From being part of the rural township on the edge of Manchester, the opening of Oxford Road in 1790 along with the sale of the Chorlton Hall estate to Samuel Marshland a cotton manufacturer saw the area undergo rapid industrialisation quickly gaining a reputation for industrial blight, Little Ireland in particular, situated along the Medlock.
It was also the site of Joseph Whitworth’s bequest to the City and famous past residents have included Thomas De Quincey, Robert Owen, Emily Pankhurst and Lloyd George.
Much of the industrial landscape was cleared after 1945 and the area now forms the hub of the City’s educational and health sectors with two universities and hospitals located there.
First mentioned at the end of the twelfth century, Gospatrick de Chorlton was tenant in 1202, when his son Richard’s widow claimed dower, it soon became part of the lands belonging to the Lords of Manchester, later held by the Traffords before passing to the Minshulls.
From being part of the rural township of Chorlton Row, it was the opening of Oxford Road in 1790 along with the sale of the Chorlton Hall estate to Samuel Marshland a cotton manufacturer from Stockport which began a rapid period of industrialisation which saw its population multiply sixty times in just one hundred years.
Besides Chorlton Mill, the area would see Cambridge Mills built by the Birley family as well as Mackintosh’s factory which would develop the process to waterproof clothing.
While the middle classes moved to the outskirts of Chorlton, Samuel Marshland, William Cooper and George Duckworth had ambitious plans for putting a new town along the Medlock and by using restrictive covenants would control industrialisation and turn it into a residential paradise with its centrepiece Grovesner Square. The workers, many migrants from Ireland, huddled around the river, the area around it becoming known as Little Ireland which was described by Engels as a notorious hell hole of humanity.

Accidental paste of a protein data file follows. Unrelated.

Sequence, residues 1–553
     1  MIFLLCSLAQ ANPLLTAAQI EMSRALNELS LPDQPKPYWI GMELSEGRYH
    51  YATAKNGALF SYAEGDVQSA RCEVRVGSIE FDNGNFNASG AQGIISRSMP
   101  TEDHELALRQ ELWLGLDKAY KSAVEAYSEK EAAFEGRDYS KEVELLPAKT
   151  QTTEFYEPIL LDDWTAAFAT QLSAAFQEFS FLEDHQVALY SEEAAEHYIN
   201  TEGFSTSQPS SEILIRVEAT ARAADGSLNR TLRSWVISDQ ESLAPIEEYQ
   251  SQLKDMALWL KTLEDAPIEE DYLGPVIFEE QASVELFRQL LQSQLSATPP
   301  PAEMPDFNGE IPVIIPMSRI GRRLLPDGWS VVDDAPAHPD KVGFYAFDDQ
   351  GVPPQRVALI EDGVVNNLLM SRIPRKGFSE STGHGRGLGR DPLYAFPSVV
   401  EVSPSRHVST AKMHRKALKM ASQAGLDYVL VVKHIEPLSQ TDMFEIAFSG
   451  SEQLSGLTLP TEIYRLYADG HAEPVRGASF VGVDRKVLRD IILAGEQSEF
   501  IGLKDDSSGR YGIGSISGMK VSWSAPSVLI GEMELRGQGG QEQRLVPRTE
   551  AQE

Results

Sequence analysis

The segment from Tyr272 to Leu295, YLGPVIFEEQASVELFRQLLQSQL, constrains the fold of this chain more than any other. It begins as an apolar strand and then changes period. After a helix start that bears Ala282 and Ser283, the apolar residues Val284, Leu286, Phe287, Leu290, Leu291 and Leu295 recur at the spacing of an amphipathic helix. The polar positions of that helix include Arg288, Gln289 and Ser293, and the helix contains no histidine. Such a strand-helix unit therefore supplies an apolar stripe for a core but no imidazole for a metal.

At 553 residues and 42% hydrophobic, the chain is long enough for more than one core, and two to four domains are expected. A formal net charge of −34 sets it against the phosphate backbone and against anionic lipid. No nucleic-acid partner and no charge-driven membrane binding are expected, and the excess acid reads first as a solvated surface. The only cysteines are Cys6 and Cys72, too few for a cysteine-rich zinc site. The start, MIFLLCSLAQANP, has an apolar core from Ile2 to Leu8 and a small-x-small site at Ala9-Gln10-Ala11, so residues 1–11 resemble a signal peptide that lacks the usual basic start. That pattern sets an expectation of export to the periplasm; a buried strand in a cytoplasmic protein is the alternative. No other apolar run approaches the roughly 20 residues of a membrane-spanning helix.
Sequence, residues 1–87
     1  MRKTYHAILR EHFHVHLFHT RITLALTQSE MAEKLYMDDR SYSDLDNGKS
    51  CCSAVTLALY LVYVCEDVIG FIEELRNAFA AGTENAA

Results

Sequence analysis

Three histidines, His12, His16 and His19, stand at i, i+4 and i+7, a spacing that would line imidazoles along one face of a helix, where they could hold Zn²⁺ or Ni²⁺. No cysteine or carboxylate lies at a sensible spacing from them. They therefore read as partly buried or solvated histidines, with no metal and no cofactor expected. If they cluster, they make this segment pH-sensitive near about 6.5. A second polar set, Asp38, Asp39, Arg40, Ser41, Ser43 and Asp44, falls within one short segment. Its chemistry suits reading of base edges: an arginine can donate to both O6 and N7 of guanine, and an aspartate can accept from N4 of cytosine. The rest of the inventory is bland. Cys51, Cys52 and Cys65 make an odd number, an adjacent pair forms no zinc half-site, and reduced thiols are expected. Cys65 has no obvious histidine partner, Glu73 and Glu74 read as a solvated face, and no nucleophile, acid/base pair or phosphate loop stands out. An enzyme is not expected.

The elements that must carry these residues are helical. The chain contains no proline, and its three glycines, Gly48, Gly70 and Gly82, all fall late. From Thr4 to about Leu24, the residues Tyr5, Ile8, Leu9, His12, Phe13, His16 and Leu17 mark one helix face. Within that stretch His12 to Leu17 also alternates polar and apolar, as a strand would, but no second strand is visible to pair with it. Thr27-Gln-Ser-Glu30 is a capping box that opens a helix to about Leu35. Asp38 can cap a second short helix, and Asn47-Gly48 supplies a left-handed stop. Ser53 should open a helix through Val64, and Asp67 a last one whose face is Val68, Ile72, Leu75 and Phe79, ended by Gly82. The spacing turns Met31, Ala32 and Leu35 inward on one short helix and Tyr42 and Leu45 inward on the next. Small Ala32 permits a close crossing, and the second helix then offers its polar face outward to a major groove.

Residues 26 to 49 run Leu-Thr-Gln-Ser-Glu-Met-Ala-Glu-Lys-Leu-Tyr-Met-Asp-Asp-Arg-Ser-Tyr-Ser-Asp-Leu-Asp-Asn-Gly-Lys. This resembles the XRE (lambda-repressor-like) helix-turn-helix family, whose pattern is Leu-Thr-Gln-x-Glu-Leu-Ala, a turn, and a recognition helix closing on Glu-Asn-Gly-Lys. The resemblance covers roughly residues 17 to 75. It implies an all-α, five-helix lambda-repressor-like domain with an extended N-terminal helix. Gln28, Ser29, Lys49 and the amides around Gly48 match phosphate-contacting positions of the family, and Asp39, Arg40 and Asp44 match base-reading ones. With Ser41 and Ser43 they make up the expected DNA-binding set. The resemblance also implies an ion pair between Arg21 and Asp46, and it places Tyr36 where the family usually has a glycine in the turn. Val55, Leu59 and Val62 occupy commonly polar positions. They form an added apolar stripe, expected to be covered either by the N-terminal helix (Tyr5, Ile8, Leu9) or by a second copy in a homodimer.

… a horde of ragged women and children swarm about here, as filthy as the swine that thrive upon the garbage heaps and in the puddles. In short, the whole rookery furnishes such a hateful and repulsive spectacle as can hardly be equalled in the worst court on the Irk…
“….the most horrible spot…lies on the Manchester side, immediately south-west of Oxford Road, and is known as Little Ireland. In a rather deep hole, in a curve of the Medlock and surrounded on all four sides by tall factories and high embankments, covered with buildings, stand two groups of about two hundred cottages, built chiefly back to back, in which live about four thousand human beings, most of them Irish. The cottages are old, dirty, and of the smallest sort, the streets uneven, fallen into ruts and in part without drains or pavement; masses of refuse, offal and sickening filth lie among standing pools in all directions; the atmosphere is poisoned by the effluvia from these, and laden and darkened by the smoke of a dozen tall factory chimneys…
Chorlton also had a mill tenanted by Robert Owen who would later campaign for a reduction in the hours of children working in the mills
The area did produce some notable buildings but few survive, Chorlton on Medlock was hit hard by the German bombers in the blitz. All Saints Church built in 1820, destroyed in 1940 and demolished in 1945, now the site of a pleasant park, and Chorlton Town Hall in 1830, demolished in the 1970’s
It was the arrival of Owen’s College at the south end of Oxford Road in 1873, the College of Art in 1881, the relocation of the Infirmary and the opening of the Whitworth Art Gallery that would eventually determine Chorlton’s future.
Now the area has been christened the Oxford Road Corridor and is determined to be at the centre of Innovation and Learning into the twenty first century, the site of two universities, the centre of Manchester’s Medical profession, the location of its Graphene development and the site of the Royal Northern College of Music